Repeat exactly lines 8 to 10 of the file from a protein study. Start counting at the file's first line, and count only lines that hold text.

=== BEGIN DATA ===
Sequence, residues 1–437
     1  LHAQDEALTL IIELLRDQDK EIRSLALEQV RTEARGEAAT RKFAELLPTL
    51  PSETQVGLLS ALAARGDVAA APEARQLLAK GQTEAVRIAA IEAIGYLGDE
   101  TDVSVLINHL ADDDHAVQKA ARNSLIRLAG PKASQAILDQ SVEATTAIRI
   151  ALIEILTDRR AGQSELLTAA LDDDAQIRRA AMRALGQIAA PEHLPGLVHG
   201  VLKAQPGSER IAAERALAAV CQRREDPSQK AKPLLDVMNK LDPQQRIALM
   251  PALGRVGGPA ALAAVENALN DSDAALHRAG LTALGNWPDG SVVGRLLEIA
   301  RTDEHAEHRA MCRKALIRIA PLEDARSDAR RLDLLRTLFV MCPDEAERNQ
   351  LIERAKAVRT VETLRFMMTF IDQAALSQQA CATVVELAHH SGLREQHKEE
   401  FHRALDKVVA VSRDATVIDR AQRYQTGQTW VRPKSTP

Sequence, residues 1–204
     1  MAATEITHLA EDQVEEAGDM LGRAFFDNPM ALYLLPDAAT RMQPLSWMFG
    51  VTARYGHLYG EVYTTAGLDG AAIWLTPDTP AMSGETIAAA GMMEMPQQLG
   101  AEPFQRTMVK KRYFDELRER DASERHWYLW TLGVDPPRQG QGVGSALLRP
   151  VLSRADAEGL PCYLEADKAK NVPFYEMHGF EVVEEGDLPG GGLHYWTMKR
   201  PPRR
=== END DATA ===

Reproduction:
   301  RTDEHAEHRA MCRKALIRIA PLEDARSDAR RLDLLRTLFV MCPDEAERNQ
   351  LIERAKAVRT VETLRFMMTF IDQAALSQQA CATVVELAHH SGLREQHKEE
   401  FHRALDKVVA VSRDATVIDR AQRYQTGQTW VRPKSTP